There are tales that John and Brian simulated a bullfight in a street close to Barcelona Cathedral and had a gay adventure which the heterosexual Lennon agreed to reportedly because he was ready to try anything once.

Anyway, moving swiftly back to 1965...

Joana Biarnés, a photographer for the Madrid newspaper 'Pueblo', convinced her boss to buy her a ticket for the Madrid to Barcelona flight and managed to take pictures of the Beatles on the plane: When I boarded the plane, I noticed that the four of them and their people were in the back.  Together with them, there was a press officer, two sound engineers, a sort of assistant who did all the chores requested by them (the latter three were also bodyguards), and the manager, a quiet man, always watching and controlling in silence everything which took place around his lads.

The two sound engineers and the assistant, described as three bodyguards were actually Neil Aspinall, Mal Evans and Alf Bicknell.

Biarnés prepared her camera in the bathroom and photographed the group by surprise. One of the Beatles' bodyguards mistook her for a "crazy fan" and asked her to stop taking pictures. 

Joana's photograph above clearly demonstrates that the Beatles did not travel like superstars. They were travelling on a regular flight, without special security measures. The group didn't seem particularly bothered by her presence. In turn she was impressed by their accessibility and also their kindness towards her.  John and Paul were sitting quite close to the toilets, just like George and Ringo, and all hid their eyes behind dark sunglasses. Her picture below shows Wendy Hanson (Brian's secretary), Paul, Brian and John in white with his back to the camera.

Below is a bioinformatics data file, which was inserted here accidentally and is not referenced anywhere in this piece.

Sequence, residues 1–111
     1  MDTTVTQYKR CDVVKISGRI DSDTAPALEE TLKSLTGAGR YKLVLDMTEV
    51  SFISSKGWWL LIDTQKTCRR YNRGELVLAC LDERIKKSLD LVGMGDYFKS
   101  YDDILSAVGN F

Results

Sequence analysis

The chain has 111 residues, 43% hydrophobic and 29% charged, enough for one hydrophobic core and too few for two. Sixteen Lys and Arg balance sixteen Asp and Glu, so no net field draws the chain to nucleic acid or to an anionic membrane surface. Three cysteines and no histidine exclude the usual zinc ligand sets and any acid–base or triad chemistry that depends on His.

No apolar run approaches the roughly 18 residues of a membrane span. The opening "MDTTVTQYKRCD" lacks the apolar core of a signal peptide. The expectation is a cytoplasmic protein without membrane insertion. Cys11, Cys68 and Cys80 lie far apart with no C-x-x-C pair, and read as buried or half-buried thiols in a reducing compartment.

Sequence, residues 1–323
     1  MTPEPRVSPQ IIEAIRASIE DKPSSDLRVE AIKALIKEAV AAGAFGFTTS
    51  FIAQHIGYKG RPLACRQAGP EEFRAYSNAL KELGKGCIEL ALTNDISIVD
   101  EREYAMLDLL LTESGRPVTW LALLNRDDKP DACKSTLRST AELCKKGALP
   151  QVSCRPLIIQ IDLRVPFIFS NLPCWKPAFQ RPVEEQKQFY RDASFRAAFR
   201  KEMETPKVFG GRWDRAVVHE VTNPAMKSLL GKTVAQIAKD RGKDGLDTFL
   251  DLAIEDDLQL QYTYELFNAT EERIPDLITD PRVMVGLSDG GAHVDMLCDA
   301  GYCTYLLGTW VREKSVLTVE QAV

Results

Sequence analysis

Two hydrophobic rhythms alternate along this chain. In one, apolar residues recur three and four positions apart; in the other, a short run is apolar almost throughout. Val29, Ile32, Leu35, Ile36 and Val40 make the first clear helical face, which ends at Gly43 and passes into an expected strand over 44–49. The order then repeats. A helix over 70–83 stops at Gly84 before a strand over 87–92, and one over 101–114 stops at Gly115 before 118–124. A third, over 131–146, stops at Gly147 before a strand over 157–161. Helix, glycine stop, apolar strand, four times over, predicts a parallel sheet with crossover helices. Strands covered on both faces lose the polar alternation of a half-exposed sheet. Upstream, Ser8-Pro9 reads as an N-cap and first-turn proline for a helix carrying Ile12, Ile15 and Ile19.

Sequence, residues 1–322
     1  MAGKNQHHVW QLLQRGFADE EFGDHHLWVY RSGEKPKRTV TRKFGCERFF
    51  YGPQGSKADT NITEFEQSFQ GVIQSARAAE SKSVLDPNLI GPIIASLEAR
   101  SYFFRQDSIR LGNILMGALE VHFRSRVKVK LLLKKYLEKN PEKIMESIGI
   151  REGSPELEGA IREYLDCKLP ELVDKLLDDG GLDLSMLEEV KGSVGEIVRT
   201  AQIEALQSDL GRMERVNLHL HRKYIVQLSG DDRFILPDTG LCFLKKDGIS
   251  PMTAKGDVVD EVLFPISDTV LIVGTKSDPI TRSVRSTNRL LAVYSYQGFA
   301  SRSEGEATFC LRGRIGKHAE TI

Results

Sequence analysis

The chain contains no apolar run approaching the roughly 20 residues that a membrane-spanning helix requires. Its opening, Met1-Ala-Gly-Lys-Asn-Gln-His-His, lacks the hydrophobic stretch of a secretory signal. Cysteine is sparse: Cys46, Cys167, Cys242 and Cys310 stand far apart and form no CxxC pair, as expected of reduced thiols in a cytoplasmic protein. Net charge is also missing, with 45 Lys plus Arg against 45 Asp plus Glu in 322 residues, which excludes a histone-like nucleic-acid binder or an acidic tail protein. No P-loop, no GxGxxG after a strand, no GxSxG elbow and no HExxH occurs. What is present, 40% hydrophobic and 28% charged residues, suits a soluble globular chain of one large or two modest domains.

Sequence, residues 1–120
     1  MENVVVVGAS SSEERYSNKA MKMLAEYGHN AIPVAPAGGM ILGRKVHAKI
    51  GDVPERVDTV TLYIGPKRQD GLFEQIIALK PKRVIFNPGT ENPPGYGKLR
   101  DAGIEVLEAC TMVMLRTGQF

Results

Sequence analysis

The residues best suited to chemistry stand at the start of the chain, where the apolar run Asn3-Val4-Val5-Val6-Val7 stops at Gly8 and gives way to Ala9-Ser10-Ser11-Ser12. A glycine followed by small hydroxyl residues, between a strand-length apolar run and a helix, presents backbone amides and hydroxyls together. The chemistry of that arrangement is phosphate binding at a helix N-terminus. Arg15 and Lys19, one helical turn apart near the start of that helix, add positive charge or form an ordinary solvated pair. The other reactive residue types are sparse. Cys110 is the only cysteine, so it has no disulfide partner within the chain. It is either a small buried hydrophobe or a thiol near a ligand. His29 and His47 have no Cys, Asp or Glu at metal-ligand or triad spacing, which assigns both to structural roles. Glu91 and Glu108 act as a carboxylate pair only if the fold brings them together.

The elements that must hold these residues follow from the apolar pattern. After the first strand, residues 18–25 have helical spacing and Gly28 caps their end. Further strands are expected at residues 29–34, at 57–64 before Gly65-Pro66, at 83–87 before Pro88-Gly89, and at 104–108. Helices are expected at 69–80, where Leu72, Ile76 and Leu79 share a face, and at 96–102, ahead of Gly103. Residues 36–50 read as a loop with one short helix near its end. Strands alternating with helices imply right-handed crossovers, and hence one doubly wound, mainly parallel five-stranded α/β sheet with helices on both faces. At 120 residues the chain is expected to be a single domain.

At 4.30pm the plane made its landing at El Prat de Llobregat. Instead of landing on runway 17, as previously announced, the Beatles did so on a remote track in a different area (opposite the restaurant). 

Brian Epstein got off the plane before the Fab Four and then Franciska, a singer in fashion at the time presented the Beatles with four monteras (a type of cap used by bull fighters) with the compliments of the promoter. They obligingly posed with them for the cameras, Paul toying with his cap, playing the fool and pretending it was a goblet.

presents the monteras

Another attractive woman gave them four little dolls dressed with typical Andalusian suits and Elisa Estrada, president of the Official Fan Club in Spain presented them with some key rings. I wonder if they ever took these sort of gifts home with them at the end of a tour?



For the benefit of the press the Beatles staged their descent of the aircraft steps several times. Note the Beatles' driver Alf Bicknell top left behind Franciska.

Around 200 fans had gathered to welcome the Beatles but had been removed by the police for 'security reasons'. The first radio journalist to approach them was Joan Armengol who managed to get a few words with George Harrison before he moved towards the waiting car. Just before boarding the vehicle, the George reportedly remarked 'in quite acceptable Castilian' that the weather was "quite hot, which is always better than cold."